Then, as even to this day, the game of Hurling--a sort of primitive Rugby football--was a popular pastime with the people. Village used to play against village, with goals perhaps four or five miles apart. And the good folk of St. Cleer were as fond of the game as any of their neighbours--so fond, in fact, that they would play it on any and every occasion, despite the admonitions of their local saint and parson, after whom the village was named.
Again and again he would notice that his little church was empty on Sunday mornings while the shouts and noise of a hard-fought Hurling match drifted across the moorland in through the open church door. Again and again he would take his flock to task for their godless ways and their Sabbath-breaking games. But it was of little use. For a Sunday or two they would be penitent and attend service. Then would come a fine morning, and a challenge perhaps from the Hurlers of St. Ive or North Hill, on the other side of the moors, and the young men would decide to chance another lecture from the patient saint, and out they would go to the hillside to do battle for the honour of their parish.
But even the patience of saints comes to an end at last, and good St. Cleer saw something more than words was needed to lead his people into the right way. And so it happened one Sunday morning, in the midst of a hot tussle on Craddock Moor, the outraged St. Cleer arrived in search of his erring flock.
He bade them cease their game at once and return to church. Some of them obeyed, wandering sheepishly off down the hill; some were defiant and told the worthy man to go back to his prayers and not to come up there to spoil sport.
Then St. Cleer spoke in anger. Raising his staff he told them in solemn and awful tones that it should be as they had chosen. Since they preferred their game on the moor to their service in church, on the moor at their game they should stay for ever. He lowered his staff and to the horror of all onlookers the defiant ones were seen to be turned into stone.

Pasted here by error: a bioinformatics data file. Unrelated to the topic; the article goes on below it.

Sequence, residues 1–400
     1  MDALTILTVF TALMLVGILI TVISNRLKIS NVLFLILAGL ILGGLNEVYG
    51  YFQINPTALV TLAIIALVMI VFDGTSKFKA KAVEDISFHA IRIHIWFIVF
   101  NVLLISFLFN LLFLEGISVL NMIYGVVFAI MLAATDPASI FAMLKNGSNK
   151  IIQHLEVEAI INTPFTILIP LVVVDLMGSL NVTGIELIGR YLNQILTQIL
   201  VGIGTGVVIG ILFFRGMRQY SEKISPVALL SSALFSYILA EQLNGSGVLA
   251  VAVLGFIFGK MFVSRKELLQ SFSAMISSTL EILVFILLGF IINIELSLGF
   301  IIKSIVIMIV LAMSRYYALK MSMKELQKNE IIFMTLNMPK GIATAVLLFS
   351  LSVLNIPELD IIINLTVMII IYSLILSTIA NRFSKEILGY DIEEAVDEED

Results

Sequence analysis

Many centuries have passed since then. Time, wind and rain have weathered the stone men out of all semblance of humanity. Some have been destroyed, but most still remain as an awful example to impious Sabbath profaners. And there you may see them silent and still, just as they were struck on that grim Sunday in the dark long ago.
The glorious moorland, rugged and wild, stretches all about them--a wonderful walking country, where one may escape from all cares and wander for hours amid the bracken and sweet-smelling grasses and find strange prehistoric remains seldom visited by any but the moorland sheep and the wild birds. It is a country of vast spaces and far views. You may see on one hand the Severn Sea, on the other the Channel; to the east the upstanding blue hills of Dartmoor and to the west the rugged highlands by Land's End--and then trudge back at night weary but happy to Liskeard, described as "the pleasantest town in Cornwall," and find it hard to believe that only five hours away is the toil and turmoil of London.
[Extract taken from Legend Land, Vol. 1, originally Published in 1922 by THE GREAT WESTERN RAILWAY]